Thus, Waerhaug and colleagues [1] demonstrate for the first time that APC administered by the inhaled route may have benefit in ALI by improving gas exchange. Given the increase in bleeding complications associated with administration of intravenous APC, the administration by the inhaled route is a novel approach that may allow for safer drug administration. However, there are several limitations with the study that should be noted. First, administration of inhaled APC improved oxygenation as well as lung aeration as assessed by quantitative computed tomography scan. However, neither of these physiological measurements has been shown to correlate with mortality in patients with ALI [12]. The authors did not use formal recruitment maneuvers to assess lung aeration (such as those described by Gattinoni and colleagues [13]), in which patients with a higher percentage of recruitable lung had higher rates of death than patients who had better lung aeration. Second, inhaled APC did not improve the alterations in hemodynamics, and there was no reduction in the quantity of pulmonary edema. However, targeted administration of APC to the distal airspaces might in fact be appealing, because it could allow for attenuation of lung injury without significant systemic effects. Finally, plasma and bronchoalveolar lavage concentrations of APC were not reported by the authors, so it is unknown whether or not significant plasma levels were achieved in this study.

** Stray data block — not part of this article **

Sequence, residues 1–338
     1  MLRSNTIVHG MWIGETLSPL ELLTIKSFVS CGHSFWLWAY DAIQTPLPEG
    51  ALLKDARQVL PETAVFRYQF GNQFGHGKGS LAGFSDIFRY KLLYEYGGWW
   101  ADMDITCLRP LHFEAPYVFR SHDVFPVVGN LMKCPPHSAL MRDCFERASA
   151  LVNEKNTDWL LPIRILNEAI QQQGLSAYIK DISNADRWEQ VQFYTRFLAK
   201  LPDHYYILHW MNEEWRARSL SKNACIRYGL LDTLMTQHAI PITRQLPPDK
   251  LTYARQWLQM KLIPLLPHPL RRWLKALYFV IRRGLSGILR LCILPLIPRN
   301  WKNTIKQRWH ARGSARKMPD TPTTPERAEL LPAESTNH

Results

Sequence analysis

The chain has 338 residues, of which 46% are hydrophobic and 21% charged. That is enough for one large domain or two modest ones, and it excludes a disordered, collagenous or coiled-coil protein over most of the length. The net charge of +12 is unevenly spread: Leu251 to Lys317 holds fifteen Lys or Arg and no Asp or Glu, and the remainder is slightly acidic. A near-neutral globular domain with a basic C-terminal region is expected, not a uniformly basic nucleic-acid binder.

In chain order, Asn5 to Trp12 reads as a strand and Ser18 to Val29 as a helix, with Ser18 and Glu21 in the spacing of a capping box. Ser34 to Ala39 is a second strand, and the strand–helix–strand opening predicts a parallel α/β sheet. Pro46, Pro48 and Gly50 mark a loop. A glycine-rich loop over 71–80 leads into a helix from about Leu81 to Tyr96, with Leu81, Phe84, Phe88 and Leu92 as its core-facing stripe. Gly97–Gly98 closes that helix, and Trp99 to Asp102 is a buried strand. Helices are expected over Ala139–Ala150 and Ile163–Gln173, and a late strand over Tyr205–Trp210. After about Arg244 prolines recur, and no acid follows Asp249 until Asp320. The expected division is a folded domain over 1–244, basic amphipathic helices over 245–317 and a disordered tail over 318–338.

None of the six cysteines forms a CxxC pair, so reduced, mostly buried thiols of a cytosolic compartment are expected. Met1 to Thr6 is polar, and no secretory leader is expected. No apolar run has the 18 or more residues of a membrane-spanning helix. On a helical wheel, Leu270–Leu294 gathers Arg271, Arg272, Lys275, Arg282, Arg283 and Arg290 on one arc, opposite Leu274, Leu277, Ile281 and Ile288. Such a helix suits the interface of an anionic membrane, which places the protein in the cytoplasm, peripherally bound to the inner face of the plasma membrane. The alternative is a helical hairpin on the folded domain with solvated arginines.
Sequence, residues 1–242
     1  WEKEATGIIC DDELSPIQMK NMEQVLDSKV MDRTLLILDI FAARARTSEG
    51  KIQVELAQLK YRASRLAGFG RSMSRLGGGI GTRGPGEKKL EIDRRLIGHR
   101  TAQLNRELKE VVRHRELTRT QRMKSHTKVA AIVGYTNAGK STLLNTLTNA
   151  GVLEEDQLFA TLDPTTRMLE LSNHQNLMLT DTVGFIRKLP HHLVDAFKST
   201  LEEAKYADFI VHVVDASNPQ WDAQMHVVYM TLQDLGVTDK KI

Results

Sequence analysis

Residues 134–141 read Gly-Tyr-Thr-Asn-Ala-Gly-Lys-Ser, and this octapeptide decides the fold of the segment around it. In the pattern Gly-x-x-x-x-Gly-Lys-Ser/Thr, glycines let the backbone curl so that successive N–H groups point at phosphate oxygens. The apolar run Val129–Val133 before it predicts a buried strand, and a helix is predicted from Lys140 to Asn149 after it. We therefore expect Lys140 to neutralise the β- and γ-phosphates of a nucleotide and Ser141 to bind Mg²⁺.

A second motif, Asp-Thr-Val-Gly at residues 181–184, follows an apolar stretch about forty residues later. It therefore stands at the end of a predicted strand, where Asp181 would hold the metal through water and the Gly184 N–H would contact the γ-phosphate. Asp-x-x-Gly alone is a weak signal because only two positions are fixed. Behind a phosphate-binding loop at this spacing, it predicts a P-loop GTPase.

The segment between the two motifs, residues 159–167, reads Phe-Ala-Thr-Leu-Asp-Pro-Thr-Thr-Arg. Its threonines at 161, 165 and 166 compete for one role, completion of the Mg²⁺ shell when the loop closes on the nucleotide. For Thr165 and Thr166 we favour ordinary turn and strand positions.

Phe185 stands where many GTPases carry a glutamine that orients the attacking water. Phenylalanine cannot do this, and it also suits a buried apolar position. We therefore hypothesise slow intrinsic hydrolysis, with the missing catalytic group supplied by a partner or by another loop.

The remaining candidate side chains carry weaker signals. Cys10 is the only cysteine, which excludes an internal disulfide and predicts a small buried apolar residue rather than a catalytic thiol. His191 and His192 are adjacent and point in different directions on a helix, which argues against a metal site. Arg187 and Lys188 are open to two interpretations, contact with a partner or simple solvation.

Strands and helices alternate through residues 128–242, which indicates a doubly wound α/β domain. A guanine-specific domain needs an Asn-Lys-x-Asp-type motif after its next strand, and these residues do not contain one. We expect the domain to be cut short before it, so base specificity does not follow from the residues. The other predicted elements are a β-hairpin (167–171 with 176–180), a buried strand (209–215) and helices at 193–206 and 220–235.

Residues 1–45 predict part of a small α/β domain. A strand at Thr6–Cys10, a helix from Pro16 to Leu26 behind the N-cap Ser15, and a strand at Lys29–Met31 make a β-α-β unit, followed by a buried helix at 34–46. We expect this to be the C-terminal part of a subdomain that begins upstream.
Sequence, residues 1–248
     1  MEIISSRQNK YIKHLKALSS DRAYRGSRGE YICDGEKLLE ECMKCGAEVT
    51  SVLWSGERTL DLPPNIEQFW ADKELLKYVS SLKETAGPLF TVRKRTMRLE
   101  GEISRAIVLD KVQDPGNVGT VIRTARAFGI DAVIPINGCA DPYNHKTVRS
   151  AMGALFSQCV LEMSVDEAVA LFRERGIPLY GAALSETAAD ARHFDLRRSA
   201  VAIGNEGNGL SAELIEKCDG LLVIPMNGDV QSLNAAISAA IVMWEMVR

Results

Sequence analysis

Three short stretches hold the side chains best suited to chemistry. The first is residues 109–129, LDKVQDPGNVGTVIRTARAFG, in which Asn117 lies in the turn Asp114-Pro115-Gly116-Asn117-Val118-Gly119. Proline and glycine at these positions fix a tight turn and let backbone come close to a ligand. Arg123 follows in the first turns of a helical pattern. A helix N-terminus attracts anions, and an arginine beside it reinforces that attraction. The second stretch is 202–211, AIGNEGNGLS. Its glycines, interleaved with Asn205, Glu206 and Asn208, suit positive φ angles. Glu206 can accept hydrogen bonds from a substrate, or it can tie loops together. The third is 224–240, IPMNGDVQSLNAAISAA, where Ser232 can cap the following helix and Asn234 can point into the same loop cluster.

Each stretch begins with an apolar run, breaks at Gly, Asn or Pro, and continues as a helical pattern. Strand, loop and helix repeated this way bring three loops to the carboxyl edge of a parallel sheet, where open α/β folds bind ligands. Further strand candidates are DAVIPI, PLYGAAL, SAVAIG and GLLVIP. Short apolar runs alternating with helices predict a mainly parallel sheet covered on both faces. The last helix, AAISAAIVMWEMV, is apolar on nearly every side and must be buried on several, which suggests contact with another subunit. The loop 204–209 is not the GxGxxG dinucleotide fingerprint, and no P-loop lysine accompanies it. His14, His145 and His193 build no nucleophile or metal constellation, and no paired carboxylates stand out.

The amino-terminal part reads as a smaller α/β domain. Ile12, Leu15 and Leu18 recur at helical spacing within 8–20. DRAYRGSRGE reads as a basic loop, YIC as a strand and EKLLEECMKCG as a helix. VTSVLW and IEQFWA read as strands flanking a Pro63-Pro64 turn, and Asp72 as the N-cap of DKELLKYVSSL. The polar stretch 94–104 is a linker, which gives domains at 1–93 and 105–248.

Nonetheless, the present study is an excellent, large animal model-based study of ALI; the novelty of the study is the route of APC administration. Additional studies are warranted to understand the distribution of inhaled APC within the lungs and whether or not this can be further optimized, as well as determination of plasma levels of APC. It will be of interest to see whether inhaled APC has benefit in other models of ALI, given the common pathogenic mechanisms that underlie different types of ALI. We found no therapeutic benefit of intravenous and intra-tracheal APC in a hyperoxic model of ALI in mice [14]. Similarly, we have previously reported in a phase II randomized clinical trial of APC in ALI patients that there was no difference in patient outcomes (ventilator-free days or mortality) with APC administration [15]. However, our patient population was limited to ALI patients without severe sepsis and at low risk of bleeding complications. We hypothesized that one of the reasons that we did not observe a benefit with APC treatment was the low overall mortality (13.5%) of this patient population. More studies will be needed to test aerosolized APC, especially in animal models of acute bacterial pneumonia.